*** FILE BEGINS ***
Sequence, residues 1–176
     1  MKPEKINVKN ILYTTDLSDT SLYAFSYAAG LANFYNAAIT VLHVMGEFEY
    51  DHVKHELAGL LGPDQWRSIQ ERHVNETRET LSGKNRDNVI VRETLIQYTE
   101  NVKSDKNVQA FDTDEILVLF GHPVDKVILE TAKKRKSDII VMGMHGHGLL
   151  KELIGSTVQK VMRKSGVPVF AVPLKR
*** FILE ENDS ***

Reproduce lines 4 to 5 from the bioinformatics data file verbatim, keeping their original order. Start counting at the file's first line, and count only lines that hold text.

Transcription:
   101  NVKSDKNVQA FDTDEILVLF GHPVDKVILE TAKKRKSDII VMGMHGHGLL
   151  KELIGSTVQK VMRKSGVPVF AVPLKR